Proposed solutions have invariably involved trade-offs, which sense from a suitably wide spatio-temporal horizon, in which one can calculate the costs and benefits of various actions taken in consort. In short, everything in nature serves a function, but functions are determined by their overarching systems. So, an organ that was useless when it first appeared may turn out over time to be crucial to the animal’s survival, in light of changes in its natural habitat.

To think of God as the intelligent designer of the natural world is to imagine an indefinite extension of the sort of reasoning human engineers engage in when they design specific natural environments. This helps to explain why ID finds its strongest science-based constituency amongst engineers, and this mechanistic way of looking at life is by no means alien to the development of biological science. Indeed, the other naturalist credited with having proposed a theory of evolution by natural selection at roughly the same time as Darwin, Alfred Russel Wallace, explicitly compared the operation of natural selection to a steam engine’s governor. Whereas, Darwin discouraged any reading of natural selection as ‘divine artifice’ as if it were a magnified version of human artifice.

Nevertheless, as I argue in Dissent of Descent, the idea of life as artifice has come to dominate biology in the 20th century. In the history of biology, the strand that extends from experimental genetics through molecular biology to contemporary biotechnology, has gone against the grain of Darwin’s own thinking. Several distinguished contributors to this trajectory have been Christians of various stripes, including Gregor Mendel, Ronald Fisher, Sewall Wright and Theodosius Dobzhansky.

If we ask why following this trajectory might have made sense, even before its positive results were seen as outweighing the negative, the answer lies in a residual belief that humans possess, at least to some degree, God’s power to create life from primitive and largely recalcitrant material conditions. Put bluntly, the lab-based tradition that has dominated 20th century biology, and which often took inspiration from physics and chemistry, has aspired to God-like powers to create and manage living systems. To be sure, this interpretation of humanity’s biblical entitlement is theologically heretical – more precisely Faustian – but that isn’t to deny its underlying theism. A true atheist would have no reason to think in terms of a deity whose creative powers she might imitate, if not surpass, and hence wouldn’t think that a laboratory or computer could reliably model features of the natural world.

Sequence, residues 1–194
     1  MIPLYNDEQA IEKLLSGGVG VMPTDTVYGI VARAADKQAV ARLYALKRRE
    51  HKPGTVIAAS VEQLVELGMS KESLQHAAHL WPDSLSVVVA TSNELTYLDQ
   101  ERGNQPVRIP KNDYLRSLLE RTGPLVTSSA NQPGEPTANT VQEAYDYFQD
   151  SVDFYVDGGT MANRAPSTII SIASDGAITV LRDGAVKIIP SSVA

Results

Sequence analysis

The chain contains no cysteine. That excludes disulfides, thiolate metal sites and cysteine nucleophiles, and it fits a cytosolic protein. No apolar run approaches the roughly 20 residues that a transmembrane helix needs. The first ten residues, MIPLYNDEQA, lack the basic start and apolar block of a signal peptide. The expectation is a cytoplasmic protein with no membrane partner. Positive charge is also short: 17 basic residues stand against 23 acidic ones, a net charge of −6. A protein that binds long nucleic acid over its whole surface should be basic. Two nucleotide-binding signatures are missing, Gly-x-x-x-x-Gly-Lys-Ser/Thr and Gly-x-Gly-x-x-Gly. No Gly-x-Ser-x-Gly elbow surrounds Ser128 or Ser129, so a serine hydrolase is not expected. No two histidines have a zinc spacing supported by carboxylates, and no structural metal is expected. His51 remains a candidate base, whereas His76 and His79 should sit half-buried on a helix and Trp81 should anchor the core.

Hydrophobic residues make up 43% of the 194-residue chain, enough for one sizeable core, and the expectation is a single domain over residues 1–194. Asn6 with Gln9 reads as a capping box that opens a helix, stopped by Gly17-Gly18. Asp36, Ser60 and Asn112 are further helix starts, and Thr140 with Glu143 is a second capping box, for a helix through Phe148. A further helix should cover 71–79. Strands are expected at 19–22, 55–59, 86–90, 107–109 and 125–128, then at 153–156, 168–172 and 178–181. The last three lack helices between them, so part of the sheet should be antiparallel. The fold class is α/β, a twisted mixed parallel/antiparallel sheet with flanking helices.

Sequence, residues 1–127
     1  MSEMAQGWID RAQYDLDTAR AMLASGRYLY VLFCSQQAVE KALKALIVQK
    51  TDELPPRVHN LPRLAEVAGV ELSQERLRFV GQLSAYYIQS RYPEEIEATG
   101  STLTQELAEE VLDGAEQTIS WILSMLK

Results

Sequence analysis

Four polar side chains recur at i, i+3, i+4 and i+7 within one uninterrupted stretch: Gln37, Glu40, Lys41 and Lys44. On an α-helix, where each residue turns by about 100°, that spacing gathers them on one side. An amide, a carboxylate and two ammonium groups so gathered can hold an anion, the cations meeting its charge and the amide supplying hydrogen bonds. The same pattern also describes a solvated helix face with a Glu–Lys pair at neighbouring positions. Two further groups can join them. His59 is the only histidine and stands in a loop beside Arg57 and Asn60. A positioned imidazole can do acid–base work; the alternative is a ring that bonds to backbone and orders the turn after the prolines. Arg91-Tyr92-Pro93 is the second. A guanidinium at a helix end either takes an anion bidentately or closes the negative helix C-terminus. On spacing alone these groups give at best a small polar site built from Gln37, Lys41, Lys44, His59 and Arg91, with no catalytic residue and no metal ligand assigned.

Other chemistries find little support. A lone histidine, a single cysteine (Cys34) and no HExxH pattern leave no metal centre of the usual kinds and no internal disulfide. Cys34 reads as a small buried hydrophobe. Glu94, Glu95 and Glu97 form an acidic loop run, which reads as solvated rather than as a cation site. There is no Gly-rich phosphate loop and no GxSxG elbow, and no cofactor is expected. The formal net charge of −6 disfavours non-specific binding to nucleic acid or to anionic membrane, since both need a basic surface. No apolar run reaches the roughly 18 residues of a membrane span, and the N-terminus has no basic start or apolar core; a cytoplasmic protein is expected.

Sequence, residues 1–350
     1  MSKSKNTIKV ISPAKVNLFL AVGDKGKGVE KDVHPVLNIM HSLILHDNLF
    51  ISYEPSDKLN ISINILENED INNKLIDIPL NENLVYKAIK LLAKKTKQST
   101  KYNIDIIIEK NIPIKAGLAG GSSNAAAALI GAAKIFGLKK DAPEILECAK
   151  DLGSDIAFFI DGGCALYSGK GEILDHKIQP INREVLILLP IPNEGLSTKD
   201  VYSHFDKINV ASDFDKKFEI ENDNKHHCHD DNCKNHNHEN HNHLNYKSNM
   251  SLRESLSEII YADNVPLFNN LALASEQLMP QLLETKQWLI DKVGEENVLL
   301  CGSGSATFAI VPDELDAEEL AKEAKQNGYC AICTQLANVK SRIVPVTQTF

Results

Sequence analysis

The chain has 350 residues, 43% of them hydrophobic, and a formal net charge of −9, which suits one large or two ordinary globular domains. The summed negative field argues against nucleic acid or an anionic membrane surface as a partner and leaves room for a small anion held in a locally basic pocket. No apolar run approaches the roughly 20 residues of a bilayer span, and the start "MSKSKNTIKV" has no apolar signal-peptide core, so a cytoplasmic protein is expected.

Of course, today there are atheist scientists. But they are not the ones who took the original risk of acting as if the natural world were sufficiently intelligible to merit long-term systematic study. The point is important when it comes to science education, which is both about teaching science and recruiting the next generation of scientists. To inspire students to pursue science in a more radical and ‘purer’ sense, one must appeal to the prospect that there is a larger reality that is both understandable and worth understanding. Darwin’s own take on evolution by natural selection cannot sustain that pedagogical burden, but the intelligent design orientation of 20th century biology can, regardless of its own distinctive scientific and theological risks.

Read Robin Walsh’s original review: Evolving Consensus

(1) The New Sociological Imagination, Sage, 2006; European Molecular Biology Journal, October 2008